Also the German Courts have been asked to decide if the tenant of a commercial lease contract is entitled to a rent reduction during the lockdown periods which were decided by the Public Authorities in 2020 as a consequence of the Covid-19-pandemic.
The first judgements were issued by the Courts of Heidelberg, Frankfurt a.M. and Zweibrücken. In all mentioned claims the judges considered the closure of shops or restaurants as a risk pertaining to the sphere of the tenant and not of the landlord and, consequently, denied an entitlement of the tenants to reduce the rent.
One of the discussed aspects was, if the fact that – due to the closure order – the shop or restaurant was not usable for the commercial activity of the tenant, can be considered a defect of the leased property. Section 536 of the German Civil Code provides that the tenant is exempted from paying the rent, if the leased property has a defect which removes its suitability for the contractually agreed use. For the period of time when suitability is reduced, the tenant needs only to pay a reasonably reduced rent.
The judges stated that the closure orders did not establish a limitation of use of a specific property (which could be considered a defect under Section 536), but rather a limitation of exercise of the tenant’s activity, because the Public Authority considered this activity as dangerous under the aspect of infection risks. Therefore, the limitation itself has to be regarded as linked to the tenant’s risk area.
Another aspect which could have led to a rent reduction entitlement is the impossibility of performance. If the performance of the landlord (i.e. to permit the use of the leased property) becomes impossible, there is no entitlement of the landlord to consideration (Sections 275 and 326 of German Civil Code). But the judges stated that the performance of the landlord was non generally impossible given that certain uses were still possible. The impossibility of a specific use (such as the exercise of the tenant´s activity) is part of the risks of the tenant.
The third aspect examined in the mentioned judgements is the principle of interference with the basis of a transaction, ruled in Section 313 (1) of the German Civil Code:
„If circumstances which became the basis of a contract have significantly changed since the contract was entered into and if the parties would not have entered into the contract or would have entered into it with different contents if they had foreseen this change, adaptation of the contract may be demanded to the extent that, taking account of all the circumstances of the specific case, in particular the contractual or statutory distribution of risk, one of the parties cannot reasonably be expected to uphold the contract without alteration.“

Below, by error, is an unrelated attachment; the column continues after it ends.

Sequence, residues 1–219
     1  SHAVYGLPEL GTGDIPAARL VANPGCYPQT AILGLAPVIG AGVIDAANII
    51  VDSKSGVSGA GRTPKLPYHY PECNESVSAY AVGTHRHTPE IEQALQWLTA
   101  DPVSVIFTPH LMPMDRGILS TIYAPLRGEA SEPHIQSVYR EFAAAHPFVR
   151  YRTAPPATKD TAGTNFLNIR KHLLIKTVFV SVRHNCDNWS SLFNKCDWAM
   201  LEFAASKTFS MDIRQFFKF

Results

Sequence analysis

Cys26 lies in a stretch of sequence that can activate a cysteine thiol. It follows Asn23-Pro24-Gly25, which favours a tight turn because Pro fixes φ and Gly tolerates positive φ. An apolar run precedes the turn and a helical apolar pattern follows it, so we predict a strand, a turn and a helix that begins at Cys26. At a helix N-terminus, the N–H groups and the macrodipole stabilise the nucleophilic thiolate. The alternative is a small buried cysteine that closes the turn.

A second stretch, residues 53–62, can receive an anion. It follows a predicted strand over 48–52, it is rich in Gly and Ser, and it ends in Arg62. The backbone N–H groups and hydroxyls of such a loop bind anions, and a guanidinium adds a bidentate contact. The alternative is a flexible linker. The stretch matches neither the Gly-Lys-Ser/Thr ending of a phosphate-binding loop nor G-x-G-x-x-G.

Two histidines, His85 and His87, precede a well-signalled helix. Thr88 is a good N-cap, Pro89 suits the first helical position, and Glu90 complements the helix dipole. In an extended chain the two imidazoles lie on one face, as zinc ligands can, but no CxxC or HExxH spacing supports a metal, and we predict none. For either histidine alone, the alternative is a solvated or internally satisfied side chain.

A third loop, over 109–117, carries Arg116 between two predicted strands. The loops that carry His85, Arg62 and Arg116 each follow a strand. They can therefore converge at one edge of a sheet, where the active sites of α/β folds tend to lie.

The judges confirmed that the pandemic situation and the consequent measures of the Public Authorities constitute a significant change of the circumstances being at the basis of a lease contract. Furthermore, the parties would have entered into the contract with different contents if they had foreseen this change. Nevertheless the judges did not consider inacceptable to uphold the contract without alteration, because the tenant did not give evidence that the payment of the rent during the lockdown would pose a threat to his continued economic existence.
But now it seems that things and thoughts are changing: recently two “tenant friendly” decisions on appeal have been issued in Dresden and Berlin (OLG Dresden, 24 February, 2021, n. 5 U 1782/20; Kammergericht Berlin, 1 April, 2021, n. 8 U 1099/20).
The news concerns the interpretation of Section 313 (1) of the German Civil Code and, in particular, the question if the continuing existence of the contract without changings is acceptable for the tenant. Both judgements state that the period of closure due to the pandemic is an impactful and unforeseeable event which is not attributable exclusively to the sphere of risk of the tenant and jeopardizes potentially his economic existence. In the opinion of the judges the negative impact caused by such type of event has to be distributed in solidarity between tenant and landlord.
In contrast to the previous Court decisions the judges at Dresden and Berlin do not request the tenant to provide concrete proof that his economic existence would be endangered if he has to fulfil the lease contract unaltered. In case of a closure of one month or even more the presence of such risk is probable and this probability is considered to be a sufficient reason for the tenant´s request to adapt the contract.
It is presumable that the judges have been inspired by the new rule provided for by article 240 section 7 EGBGB (Introductory Act to the German Civil Code) which establishes for commercial lease contracts a legal fiction of significantly changed circumstances, if the use of the leased property is limited or completely interrupted due the pandemic measures. The new rule entered into force only on 31 December 2020 and is therefore not applicable to the lockdown periods during 2020.